Mahwah, NJ has been in the spotlight since the summer for passing ordinances meant to exclude Jews from neighboring Rockland County, NY.
In passing Ordinance 1806, the Town sought to ban non-State residents from parks.
In it’s proposed Ordinance 1812, the Town sought to strengthen it’s ban on items affixed to utility poles (as Jewish groups sought to establish an Eruv on them).
This Thursday, according to the agenda posted online, both are being addressed (watch live starting at 7:30pm on our Facebook page).
Ordinance 1806 changed Section 9-1.3 to remove “and nonresidents alike”, thereby preventing Jewish groups from NY to use the parks. You can see the before and after language here:
This became a problem instantly, when the Chief of Police brought it to the attention of the Council. When the Council refused to reconsider the issue and attempted a new ordinance (#1811) to subordinate the Chief to a newly created position of “Police Director”, the Bergen County Prosecutor also informed the Township that this Ordinance was unenforceable and raised serious legal issues. Eventually, the State attorney General weighed in, suing the Township and likening “the conduct of Mahwah township officials to 1950s-era “white flight” suburbanites who sought to keep African-Americans from moving into their neighborhoods.”
This Thursday, the Council will introduce Ordinance 1820, which will reverse course and restore the original language of Section 9-1.3 back to what it what is was prior to the enactment of 1806.
Ordinance 1812 sought to modify the “unlawful acts” codified in Section 15-1.3 creating a prohibition for affixing an: “advertisement, notice, poster, paper, device or other matter to any public utility pole.”
That language was copied from an identical ordinance (16-15) passed by Upper Saddle River two years prior (in response to an Eruv being requested in the Borough). It has also become the subject of a Federal Lawsuit against Upper Saddle River by the Eruv Association and was listed in the complaint against Mahwah by the Attorney General when he filed a 9 count complaint against the Township citing discrimination through park bans and banning of lechis to create an eruv.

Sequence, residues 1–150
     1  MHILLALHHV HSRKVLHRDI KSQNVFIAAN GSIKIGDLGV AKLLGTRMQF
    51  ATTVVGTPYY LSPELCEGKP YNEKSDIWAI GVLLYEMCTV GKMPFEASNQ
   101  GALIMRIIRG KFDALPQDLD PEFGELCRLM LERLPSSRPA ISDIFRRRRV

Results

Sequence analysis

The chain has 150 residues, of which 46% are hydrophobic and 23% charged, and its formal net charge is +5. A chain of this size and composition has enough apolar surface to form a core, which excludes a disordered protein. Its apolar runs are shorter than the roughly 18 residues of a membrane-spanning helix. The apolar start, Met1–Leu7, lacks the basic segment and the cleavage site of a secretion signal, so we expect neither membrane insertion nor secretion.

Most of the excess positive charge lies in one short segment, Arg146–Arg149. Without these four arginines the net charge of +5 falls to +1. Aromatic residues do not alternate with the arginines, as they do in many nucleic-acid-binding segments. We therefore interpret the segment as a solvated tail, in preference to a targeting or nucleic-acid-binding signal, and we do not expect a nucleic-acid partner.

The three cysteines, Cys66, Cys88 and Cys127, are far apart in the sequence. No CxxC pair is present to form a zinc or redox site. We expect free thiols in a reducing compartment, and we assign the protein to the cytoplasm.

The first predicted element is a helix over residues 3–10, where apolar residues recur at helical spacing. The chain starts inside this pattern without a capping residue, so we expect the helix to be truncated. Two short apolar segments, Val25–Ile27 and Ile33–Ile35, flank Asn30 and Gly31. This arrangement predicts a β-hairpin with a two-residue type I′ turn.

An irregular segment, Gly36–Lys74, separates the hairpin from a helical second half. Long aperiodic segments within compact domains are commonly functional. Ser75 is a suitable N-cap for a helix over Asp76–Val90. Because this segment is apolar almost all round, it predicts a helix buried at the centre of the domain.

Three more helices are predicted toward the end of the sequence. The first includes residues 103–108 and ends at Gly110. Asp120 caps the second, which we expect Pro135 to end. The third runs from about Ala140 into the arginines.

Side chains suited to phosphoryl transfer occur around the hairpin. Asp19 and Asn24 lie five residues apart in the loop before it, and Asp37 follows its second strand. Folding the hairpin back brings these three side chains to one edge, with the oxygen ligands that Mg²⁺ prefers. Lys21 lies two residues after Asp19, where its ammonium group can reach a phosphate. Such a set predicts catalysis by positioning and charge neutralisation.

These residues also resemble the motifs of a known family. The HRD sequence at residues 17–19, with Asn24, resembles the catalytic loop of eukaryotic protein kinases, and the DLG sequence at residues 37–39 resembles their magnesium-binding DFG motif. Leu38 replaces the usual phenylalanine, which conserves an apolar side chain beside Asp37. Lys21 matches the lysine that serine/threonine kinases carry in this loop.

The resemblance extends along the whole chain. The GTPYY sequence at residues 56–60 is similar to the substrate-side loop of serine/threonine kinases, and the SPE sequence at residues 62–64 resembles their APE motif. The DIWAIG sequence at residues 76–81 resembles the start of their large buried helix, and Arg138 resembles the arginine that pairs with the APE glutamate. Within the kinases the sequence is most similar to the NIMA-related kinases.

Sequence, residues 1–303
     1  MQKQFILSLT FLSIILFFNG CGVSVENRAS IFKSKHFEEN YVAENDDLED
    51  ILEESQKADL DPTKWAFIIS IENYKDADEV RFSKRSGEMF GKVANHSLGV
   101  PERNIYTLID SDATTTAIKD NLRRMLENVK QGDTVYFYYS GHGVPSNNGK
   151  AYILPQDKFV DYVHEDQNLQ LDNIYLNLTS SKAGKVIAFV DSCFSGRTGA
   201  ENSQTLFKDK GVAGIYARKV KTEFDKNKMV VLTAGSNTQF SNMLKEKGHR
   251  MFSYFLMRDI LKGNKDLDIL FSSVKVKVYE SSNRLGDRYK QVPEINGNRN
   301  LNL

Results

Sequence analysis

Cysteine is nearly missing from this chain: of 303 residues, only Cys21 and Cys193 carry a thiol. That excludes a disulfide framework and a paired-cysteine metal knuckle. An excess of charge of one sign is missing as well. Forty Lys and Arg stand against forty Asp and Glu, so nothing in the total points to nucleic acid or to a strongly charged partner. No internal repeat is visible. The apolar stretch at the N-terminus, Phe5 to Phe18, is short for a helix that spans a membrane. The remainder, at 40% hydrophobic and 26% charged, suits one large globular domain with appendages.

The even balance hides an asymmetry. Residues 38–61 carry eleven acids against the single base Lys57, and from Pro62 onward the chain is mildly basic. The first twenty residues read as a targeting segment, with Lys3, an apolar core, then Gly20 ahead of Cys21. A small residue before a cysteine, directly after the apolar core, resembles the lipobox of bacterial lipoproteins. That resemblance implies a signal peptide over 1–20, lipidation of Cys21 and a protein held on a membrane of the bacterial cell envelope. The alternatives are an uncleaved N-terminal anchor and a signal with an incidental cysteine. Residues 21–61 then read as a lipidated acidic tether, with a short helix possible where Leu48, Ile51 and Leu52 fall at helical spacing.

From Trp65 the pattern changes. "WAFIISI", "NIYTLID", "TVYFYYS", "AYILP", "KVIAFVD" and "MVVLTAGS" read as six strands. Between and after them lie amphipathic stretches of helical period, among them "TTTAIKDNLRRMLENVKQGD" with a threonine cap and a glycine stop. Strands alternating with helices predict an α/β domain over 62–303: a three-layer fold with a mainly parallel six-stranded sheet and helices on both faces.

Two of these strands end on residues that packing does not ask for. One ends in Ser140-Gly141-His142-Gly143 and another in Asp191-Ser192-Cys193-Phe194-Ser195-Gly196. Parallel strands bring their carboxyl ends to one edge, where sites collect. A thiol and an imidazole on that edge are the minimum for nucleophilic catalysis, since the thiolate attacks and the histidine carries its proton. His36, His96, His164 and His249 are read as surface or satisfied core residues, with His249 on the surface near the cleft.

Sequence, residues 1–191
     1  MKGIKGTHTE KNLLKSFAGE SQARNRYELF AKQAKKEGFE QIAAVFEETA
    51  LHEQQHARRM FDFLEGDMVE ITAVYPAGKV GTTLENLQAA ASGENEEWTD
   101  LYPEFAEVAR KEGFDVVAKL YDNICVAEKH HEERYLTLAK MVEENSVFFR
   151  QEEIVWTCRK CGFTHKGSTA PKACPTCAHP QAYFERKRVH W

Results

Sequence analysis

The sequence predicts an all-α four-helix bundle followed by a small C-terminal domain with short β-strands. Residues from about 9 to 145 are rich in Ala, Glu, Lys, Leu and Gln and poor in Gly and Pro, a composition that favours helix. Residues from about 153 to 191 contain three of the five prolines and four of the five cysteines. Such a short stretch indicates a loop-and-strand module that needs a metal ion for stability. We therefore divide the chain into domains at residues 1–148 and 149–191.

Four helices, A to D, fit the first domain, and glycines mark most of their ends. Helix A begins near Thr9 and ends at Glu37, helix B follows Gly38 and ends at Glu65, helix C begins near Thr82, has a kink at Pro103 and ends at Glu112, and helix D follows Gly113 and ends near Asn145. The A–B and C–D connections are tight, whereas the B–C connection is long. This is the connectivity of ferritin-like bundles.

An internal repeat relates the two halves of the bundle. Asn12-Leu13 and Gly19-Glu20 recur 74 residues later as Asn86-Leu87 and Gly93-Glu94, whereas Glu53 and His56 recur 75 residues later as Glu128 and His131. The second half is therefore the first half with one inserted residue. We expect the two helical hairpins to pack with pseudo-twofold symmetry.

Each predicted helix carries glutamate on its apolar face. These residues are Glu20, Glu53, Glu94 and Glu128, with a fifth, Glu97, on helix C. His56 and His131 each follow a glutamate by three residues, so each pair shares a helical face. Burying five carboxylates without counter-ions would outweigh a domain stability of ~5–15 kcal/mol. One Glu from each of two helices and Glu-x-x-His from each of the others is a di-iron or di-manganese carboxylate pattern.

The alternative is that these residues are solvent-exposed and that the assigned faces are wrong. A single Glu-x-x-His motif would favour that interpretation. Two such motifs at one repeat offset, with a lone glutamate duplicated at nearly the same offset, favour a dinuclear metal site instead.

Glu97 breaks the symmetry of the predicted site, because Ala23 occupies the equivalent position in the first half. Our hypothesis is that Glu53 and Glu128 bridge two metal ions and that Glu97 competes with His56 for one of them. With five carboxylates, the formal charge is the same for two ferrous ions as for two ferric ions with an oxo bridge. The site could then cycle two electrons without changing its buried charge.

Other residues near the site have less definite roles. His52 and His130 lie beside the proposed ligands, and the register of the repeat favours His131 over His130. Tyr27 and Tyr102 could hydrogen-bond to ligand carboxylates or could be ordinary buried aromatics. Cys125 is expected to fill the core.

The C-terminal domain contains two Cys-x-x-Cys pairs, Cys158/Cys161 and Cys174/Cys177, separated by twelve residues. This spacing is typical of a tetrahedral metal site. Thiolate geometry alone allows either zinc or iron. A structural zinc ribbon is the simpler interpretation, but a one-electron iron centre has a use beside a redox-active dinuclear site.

This Thursday, the Council will introduce Resolution 424-17 (embedded below) to reverse course and promise never to attempt such a ordinance again.
This resolution indicates the “Township will not adopt Ordinance No. 1812 nor will it introduce a similar ordinance.”
These actions are long overdue!
Mahwah’s Mayor, residents and other members of the public have been voicing concerns since the summer. Every level of law enforcement official from the Chief of Police, the County and the State have reached the same conclusion.
We would like to applaud all those that have spoken out against these violations of our freedoms. A large part of standing up for liberty, whether it’s freedom of movement, religious liberty or another right, is protecting the vulnerable. To stand up for democratic values is to stand up for the freedom we have always cherished in America.
Those that would limit the freedoms for people you may not like, will be able to limit the freedoms for those you do. That’s the point. That’s the entire reason many have cared about showing up in Mahwah.
Hopefully, this is the first step in correcting course. Will it be enough for the State Attorney General?
The meeting on Thursday will be live-streamed from our Facebook page.Ordinance 1820 (Recreational Facilities_Use of Facilities)